AAccording to Matthew Ball, managing partner of venture capital firm Epyllion Co. and author of “The Metaverse and How It Will Revolutionize Everything”, some may stifle the development of the metaverse.
While Apple looks set to “thrive in the next era” of more immersive computing, its control over distribution could weigh on the industry, Ball said.
“Apple does not allow crypto-based virtual worlds,” Ball said on CoinDesk TV’s “First Mover” show Thursday. “They succeed in thwarting a specific type of disruptive innovation and category.”
By avoiding complex virtual worlds, the tech giant exerts undue influence over “what’s available and what’s not,” Ball said.
The metaverse is an emerging category of computing, which some see as the next frontier of the Internet. According to a Pew Research Center study, more than 50% of technology innovators and developers predict that the metaverse will be more integrated into people’s daily lives by 2040.
Ball said the iPhone maker sells more smartphones in the United States than it does globally and derives a significant portion of its profits from software control over its platforms through its control over APIs. or application programming interfaces, which act as a bridge between two applications. Apps on Apple’s iOS interface require Apple’s approval and must pay a fee to Apple.
The metaverse isn’t the only sector that Apple has apparently squeezed out of its influential app market. He took a conservative stance toward crypto and porn, for example, Ball said.
“If you look at most crypto games today, they’re either not available on the iOS app, or they are, but they’re relatively rudimentary,” Ball said. He noted, however, that some of these programs not authorized through the App Store are still available as a “browser experience”.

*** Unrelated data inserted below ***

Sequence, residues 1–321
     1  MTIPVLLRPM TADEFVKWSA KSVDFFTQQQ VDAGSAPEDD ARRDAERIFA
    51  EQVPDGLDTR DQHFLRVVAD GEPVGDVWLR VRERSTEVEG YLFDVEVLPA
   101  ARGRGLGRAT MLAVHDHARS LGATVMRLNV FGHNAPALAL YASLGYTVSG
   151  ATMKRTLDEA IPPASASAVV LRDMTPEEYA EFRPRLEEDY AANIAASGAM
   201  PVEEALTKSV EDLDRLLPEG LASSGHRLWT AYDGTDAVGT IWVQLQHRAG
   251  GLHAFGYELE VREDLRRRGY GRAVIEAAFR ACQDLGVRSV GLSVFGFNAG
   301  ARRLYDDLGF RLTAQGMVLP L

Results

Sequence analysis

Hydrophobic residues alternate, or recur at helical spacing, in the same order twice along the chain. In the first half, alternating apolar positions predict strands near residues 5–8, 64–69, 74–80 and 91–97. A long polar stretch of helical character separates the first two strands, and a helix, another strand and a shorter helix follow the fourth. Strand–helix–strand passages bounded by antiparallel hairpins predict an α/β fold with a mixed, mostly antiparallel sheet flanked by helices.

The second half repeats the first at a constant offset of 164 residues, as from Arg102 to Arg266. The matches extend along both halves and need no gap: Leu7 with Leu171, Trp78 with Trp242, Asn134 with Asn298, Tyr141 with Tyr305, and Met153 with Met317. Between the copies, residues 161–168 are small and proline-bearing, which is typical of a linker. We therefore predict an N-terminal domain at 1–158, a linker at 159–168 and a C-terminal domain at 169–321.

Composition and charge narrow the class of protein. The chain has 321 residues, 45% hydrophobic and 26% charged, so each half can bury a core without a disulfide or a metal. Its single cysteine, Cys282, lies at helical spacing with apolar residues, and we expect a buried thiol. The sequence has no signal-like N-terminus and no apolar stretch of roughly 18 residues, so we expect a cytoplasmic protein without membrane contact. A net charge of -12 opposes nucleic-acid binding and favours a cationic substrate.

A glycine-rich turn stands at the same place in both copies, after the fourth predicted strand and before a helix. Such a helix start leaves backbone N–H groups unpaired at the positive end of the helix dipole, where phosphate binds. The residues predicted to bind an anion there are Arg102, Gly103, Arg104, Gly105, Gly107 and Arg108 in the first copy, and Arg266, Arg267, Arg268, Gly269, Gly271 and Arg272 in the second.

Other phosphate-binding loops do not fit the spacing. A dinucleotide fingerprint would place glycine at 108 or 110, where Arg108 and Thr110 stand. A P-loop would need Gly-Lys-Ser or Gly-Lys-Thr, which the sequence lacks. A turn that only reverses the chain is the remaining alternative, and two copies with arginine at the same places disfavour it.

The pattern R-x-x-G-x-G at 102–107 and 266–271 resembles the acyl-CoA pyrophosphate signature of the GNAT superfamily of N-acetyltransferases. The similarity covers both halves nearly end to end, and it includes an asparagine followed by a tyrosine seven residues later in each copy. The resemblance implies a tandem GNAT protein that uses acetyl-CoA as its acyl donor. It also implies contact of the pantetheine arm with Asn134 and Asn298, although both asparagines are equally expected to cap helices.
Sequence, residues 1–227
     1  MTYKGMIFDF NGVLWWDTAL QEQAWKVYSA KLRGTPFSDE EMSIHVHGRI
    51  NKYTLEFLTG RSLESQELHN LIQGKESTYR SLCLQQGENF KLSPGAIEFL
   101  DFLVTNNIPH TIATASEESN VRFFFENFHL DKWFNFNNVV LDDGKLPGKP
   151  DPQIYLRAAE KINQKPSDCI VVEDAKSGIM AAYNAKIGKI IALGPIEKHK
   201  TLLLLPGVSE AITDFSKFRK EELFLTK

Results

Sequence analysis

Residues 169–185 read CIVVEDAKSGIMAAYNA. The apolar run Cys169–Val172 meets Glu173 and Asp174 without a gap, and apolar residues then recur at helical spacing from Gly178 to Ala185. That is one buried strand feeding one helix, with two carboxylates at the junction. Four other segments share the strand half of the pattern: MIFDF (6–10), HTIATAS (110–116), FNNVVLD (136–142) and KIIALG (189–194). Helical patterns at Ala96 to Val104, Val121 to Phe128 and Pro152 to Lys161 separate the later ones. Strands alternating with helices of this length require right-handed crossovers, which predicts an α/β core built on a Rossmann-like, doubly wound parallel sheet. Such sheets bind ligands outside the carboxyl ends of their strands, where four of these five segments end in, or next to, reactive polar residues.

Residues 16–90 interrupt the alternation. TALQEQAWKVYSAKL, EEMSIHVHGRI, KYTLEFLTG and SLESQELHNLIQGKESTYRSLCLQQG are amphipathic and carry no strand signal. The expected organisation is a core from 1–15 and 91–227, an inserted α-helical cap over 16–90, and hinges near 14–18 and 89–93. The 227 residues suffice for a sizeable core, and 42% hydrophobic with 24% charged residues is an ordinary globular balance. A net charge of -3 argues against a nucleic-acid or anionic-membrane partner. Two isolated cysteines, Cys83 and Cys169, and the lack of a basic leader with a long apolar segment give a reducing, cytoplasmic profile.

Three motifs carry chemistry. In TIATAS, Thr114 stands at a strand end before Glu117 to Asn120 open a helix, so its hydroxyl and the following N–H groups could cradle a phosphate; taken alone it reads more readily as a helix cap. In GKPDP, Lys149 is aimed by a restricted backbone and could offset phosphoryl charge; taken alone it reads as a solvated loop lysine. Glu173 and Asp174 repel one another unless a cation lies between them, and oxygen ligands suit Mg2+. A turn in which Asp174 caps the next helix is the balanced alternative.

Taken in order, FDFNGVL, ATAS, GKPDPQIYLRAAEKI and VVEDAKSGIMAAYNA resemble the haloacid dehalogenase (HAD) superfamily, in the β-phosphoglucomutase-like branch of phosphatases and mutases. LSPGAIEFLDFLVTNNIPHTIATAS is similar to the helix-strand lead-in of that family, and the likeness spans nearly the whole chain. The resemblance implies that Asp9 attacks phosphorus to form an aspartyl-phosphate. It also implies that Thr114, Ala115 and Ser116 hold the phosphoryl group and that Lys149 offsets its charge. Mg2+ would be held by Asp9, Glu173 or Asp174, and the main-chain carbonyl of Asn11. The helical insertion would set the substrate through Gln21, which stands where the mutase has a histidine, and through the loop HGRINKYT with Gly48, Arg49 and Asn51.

Apple is in a unique position to shape the future of entire industries, Ball said. And his choices are not always entirely consistent. Axie Infinity, Sandbox 3D, and CryptoKitties are among the estimated 30 crypto-based games in its app store.
This could partly be due to a “repression of business models [and] cloud gaming,” Ball said. “We see them taxing user-generated contributions.”
Apple charges a 30% fee on sales generated on its App Store.
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Ball said Apple users should have more freedom over how they use their devices, citing the identification systems used on iOS devices, which are limited to proprietary options like Apple ID.
Apple limits what users can do and access in favor of curated experiences and with the iPhone’s huge market share, that likely stifles innovation, Ball said.
“No one can capture your identity, your social graph, your data, your virtual assets, and then use them to prevent competition,” he said.
Few people now know what the Metaverse is, and no one can say what it will evolve into. In fact, Ball doesn’t think that term will be around for years to come.
“You’ll find in the years to come that we’re often inside a 3D simulation” perhaps without even knowing it, Ball said. That is, if Apple doesn’t choke the metaverse today, he said.
Apple did not immediately respond to a request for comment.
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